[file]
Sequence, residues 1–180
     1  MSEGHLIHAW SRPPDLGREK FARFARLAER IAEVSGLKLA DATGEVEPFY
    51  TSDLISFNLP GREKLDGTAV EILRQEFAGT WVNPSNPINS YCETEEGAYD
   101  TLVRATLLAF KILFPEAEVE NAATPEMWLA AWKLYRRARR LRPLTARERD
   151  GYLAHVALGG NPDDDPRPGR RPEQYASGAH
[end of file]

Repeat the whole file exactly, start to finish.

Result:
Sequence, residues 1–180
     1  MSEGHLIHAW SRPPDLGREK FARFARLAER IAEVSGLKLA DATGEVEPFY
    51  TSDLISFNLP GREKLDGTAV EILRQEFAGT WVNPSNPINS YCETEEGAYD
   101  TLVRATLLAF KILFPEAEVE NAATPEMWLA AWKLYRRARR LRPLTARERD
   151  GYLAHVALGG NPDDDPRPGR RPEQYASGAH